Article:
Pre-frontal cortex

part of brain largely responsible for personality, decision making, and social behaviour
(Redirected from Prefrontal cortex)

The prefrontal cortex (PFC) is the front part of the frontal lobes of the brain. It lies in front of the motor and premotor areas.

Prefrontal cortex
Brodmann areas of lateral surface. Per BrainInfo, parts of #8, #9, #10, #11, #44, #45, #46, and #47 are all in the prefrontal region.
LatinCortex praefrontalis
NeuroLex IDnlx_anat_090801, ilx_0109209
Anatomical terms of neuroanatomy

This brain region helps plan complex cognitive behaviours, personality expression, and decision making. It helps correct social behaviour.[1] The basic activity of this brain region is to bring together thoughts and actions to help achieve internal goals.[2]

The most typical psychological term for functions carried out by the prefrontal cortex area is executive function. This is the ability to work out conflicting thoughts. It determines good and bad, better and best, same and different, consequences of current activities, working toward a goal, prediction of outcomes, and expectation of results. Critical is 'social control': the ability to suppress urges which, if not suppressed, could lead to socially unacceptable outcomes.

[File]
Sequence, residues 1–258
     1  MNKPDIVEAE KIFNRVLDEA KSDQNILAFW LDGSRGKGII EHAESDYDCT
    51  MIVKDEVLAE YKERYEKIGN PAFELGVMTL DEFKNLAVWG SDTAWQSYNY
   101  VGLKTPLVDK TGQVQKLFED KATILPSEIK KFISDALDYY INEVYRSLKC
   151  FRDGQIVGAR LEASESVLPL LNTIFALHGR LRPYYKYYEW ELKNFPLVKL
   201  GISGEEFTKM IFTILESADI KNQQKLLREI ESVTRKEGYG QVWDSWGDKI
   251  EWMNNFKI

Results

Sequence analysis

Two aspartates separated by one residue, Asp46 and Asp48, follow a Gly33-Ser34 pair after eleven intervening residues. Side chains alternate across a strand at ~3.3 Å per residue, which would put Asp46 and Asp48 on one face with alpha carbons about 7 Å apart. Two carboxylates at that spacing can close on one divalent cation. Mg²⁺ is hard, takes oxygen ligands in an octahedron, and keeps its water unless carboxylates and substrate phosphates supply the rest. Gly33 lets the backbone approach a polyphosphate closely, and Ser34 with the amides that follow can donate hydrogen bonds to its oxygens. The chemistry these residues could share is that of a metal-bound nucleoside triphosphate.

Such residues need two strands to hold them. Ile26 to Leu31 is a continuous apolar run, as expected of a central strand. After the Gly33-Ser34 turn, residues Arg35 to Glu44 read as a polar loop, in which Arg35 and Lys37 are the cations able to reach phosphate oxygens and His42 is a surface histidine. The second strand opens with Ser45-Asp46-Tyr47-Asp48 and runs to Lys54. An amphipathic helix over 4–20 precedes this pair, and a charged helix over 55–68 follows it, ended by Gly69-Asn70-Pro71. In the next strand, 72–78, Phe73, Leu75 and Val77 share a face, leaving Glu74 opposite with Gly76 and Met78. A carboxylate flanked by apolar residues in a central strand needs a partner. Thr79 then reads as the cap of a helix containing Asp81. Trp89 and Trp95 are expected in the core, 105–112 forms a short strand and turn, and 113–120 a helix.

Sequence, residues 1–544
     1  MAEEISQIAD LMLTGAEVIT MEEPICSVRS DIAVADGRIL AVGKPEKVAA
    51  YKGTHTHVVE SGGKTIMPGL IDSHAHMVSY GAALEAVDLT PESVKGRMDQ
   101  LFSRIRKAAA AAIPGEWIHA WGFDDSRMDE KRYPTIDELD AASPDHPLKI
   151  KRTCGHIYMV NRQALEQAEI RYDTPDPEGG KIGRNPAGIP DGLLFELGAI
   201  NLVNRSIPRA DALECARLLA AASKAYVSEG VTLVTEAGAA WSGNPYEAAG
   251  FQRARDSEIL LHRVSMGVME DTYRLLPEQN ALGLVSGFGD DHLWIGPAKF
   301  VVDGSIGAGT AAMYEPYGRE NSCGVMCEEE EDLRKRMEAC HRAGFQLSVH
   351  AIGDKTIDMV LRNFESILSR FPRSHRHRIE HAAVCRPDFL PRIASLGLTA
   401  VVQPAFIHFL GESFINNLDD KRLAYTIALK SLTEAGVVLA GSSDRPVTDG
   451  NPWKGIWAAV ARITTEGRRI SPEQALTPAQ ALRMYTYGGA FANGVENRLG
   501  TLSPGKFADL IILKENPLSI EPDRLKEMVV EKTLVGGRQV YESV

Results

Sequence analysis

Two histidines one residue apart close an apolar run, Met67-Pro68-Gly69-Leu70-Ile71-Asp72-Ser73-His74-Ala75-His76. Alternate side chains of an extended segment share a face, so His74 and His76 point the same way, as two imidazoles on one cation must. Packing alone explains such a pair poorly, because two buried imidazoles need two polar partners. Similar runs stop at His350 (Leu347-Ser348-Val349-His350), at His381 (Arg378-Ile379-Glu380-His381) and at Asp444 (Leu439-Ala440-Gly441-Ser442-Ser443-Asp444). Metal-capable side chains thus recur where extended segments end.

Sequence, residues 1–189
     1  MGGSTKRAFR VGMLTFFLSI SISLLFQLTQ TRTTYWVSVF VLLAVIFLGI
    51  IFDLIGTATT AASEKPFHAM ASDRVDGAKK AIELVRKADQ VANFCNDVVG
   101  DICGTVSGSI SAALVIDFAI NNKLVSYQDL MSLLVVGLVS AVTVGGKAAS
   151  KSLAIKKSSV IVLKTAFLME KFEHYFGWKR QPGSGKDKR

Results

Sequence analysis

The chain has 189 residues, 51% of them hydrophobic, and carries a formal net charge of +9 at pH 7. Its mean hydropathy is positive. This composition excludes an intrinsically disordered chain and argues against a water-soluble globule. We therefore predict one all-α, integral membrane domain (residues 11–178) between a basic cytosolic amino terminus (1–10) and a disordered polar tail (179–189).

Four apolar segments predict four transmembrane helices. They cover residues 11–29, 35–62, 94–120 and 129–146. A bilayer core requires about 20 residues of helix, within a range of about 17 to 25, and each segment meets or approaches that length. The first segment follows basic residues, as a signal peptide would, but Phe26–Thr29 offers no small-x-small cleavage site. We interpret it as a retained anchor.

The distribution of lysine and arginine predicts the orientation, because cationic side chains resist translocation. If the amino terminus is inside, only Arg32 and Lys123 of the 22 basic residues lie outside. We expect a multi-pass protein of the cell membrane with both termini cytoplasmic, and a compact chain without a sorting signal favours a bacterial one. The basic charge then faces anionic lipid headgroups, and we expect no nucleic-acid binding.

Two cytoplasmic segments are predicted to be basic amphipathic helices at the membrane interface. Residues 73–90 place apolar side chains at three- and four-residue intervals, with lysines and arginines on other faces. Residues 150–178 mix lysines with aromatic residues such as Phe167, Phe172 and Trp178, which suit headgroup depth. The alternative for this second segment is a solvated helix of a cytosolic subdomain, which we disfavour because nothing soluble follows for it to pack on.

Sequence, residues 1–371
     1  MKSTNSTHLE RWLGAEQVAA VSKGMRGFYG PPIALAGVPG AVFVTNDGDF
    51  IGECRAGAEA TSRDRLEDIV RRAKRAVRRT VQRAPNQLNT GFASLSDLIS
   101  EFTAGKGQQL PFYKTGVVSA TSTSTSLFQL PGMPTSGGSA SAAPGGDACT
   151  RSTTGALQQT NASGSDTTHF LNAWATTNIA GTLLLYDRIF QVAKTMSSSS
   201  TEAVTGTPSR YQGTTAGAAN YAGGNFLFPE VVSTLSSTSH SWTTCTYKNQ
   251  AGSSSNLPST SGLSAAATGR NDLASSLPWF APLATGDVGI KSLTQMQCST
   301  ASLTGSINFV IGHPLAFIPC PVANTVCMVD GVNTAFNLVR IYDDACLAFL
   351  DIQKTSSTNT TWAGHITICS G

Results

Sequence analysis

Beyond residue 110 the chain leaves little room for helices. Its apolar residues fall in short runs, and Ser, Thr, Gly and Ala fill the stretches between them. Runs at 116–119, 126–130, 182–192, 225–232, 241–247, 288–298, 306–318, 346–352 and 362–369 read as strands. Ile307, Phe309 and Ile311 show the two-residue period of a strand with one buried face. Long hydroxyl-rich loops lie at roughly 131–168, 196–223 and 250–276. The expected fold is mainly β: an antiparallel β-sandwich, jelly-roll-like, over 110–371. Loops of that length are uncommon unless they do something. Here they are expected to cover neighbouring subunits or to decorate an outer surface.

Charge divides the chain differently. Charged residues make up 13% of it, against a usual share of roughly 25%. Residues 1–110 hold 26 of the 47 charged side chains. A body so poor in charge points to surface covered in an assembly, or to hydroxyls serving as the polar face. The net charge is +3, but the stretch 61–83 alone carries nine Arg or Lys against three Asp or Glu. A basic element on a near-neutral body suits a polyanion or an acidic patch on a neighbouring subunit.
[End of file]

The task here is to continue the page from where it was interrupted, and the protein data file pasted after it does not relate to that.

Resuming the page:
Many authors have indicated an integral link between a person's personality and the functions of the prefrontal cortex.[3]

References change

  1. Yang Y, Raine A (November 2009). "Prefrontal structural and functional brain imaging findings in antisocial, violent, and psychopathic individuals: a meta-analysis". Psychiatry Research. 174 (2): 81–8. doi:10.1016/j.pscychresns.2009.03.012. PMC 2784035. PMID 19833485.
  2. Miller EK, Freedman DJ, Wallis JD (August 2002). "The prefrontal cortex: categories, concepts and cognition". Philosophical Transactions of the Royal Society B. 357 (1424): 1123–36. doi:10.1098/rstb.2002.1099. PMC 1693009. PMID 12217179.{{cite journal}}: CS1 maint: multiple names: authors list (link)
  3. DeYoung C.G.; et al. (2010). "Testing predictions from personality neuroscience". Psychological Science. 21 (6): 820–828. doi:10.1177/0956797610370159. PMC 3049165. PMID 20435951.